Authors: Zoltan Lippai (1), Zsolt Frei (1), Zoltan Haiman (2) ((1) Inst. of Physics, Eotvos University, Budapest, Hungary, (2) Dept. of Astronomy, Columbia University, New York, NY)
Date: 7 Jan 2008
Abstract: Supermassive black hole binaries (BHBs) produced in galaxy mergers recoil at the time of their coalescence due to the emission of gravitational waves (GWs). We simulate the response of a thin, 2D disk of collisionless particles, initially on circular orbits around a 10ˆ6 M_sun BHB, to kicks that are either parallel or perpendicular to the initial orbital plane. Typical kick velocities (v_k) can exceed the sound speed in a circumbinary gas disk. While the inner disk is strongly bound to the recoiling binary, the outer disk is only weakly bound or unbound. This leads to differential motions in the disturbed disk that increase with radius and can become supersonic at ~700 Schwarzschild radii for v_k ~500 km/s, implying that shocks form beyond this radius. We indeed find that kicks in the disk plane lead to immediate strong density enhancements (within weeks) in a tightly wound spiral caustic, propagating outward at the speed v_k. Concentric density enhancements are also observed for kicks perpendicular to the disk, but are weaker and develop into caustics only after a long delay (>1 year). Unless both BH spins are low or precisely aligned with the orbital angular momentum, a significant fraction (> several %) of kicks are sufficiently large and well aligned with the orbital plane for strong shocks to be produced. The shocks could result in an afterglow whose characteristic photon energy increases with time, from the UV (~10eV) to the soft X-ray (~100eV) range, between one month and one year after the merger. This could help identify EM counterparts to GW sources discovered by LISA.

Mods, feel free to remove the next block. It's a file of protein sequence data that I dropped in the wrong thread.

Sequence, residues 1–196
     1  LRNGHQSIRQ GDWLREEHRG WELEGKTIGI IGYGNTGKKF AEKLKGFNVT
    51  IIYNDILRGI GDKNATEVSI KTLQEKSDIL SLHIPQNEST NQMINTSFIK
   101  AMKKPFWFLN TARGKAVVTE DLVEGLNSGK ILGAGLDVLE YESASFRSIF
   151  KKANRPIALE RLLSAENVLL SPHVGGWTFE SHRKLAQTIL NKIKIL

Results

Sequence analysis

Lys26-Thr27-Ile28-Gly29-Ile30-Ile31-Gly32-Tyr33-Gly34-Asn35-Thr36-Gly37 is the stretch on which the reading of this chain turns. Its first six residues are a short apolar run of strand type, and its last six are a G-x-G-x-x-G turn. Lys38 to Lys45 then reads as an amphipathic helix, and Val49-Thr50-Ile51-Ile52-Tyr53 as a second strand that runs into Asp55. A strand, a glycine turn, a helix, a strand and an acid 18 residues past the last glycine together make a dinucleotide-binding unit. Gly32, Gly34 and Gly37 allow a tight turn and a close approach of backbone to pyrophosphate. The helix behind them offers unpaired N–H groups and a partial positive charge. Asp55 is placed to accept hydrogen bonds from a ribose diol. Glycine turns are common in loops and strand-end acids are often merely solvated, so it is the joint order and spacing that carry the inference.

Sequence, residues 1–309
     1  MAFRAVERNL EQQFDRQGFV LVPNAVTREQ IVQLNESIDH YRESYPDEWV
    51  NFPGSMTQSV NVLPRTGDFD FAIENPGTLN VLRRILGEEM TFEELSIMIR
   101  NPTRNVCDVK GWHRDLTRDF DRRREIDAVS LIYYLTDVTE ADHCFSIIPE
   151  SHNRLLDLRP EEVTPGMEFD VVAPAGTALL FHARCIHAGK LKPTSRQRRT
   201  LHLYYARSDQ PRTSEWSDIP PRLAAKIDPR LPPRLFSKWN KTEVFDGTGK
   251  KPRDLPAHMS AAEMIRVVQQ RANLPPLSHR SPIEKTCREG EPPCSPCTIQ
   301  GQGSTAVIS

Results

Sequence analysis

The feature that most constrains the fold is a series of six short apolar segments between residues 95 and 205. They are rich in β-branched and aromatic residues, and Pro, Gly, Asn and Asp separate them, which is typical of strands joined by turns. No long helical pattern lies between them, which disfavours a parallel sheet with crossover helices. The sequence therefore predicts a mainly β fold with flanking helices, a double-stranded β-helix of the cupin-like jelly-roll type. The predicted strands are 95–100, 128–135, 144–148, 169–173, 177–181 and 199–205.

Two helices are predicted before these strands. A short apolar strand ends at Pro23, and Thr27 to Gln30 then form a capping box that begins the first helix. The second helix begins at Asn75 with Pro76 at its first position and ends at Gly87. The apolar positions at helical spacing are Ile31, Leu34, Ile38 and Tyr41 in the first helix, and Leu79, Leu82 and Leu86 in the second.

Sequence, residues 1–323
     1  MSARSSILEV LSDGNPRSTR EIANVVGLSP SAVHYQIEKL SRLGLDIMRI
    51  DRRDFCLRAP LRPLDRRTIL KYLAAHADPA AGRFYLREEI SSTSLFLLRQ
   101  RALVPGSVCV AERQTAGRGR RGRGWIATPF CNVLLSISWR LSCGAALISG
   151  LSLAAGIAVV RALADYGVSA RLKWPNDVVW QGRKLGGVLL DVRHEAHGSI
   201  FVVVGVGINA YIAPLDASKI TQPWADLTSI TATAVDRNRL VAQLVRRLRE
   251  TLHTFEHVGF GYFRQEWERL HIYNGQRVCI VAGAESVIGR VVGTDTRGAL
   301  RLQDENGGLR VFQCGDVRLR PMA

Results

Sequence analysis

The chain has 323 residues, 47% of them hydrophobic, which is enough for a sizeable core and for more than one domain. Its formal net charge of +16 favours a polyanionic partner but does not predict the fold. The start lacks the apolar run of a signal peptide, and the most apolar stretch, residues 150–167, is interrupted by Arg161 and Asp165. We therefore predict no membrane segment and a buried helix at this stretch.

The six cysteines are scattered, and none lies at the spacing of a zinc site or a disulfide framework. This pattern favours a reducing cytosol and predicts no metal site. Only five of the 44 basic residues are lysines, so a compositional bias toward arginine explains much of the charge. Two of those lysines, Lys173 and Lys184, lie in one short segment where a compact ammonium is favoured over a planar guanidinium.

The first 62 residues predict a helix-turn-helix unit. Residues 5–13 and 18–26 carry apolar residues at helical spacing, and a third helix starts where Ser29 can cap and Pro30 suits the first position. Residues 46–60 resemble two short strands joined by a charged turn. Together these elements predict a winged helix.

© M. Vallisneri 2012 — last modified on 2010/01/29
Tantum in modicis, quantum in maximis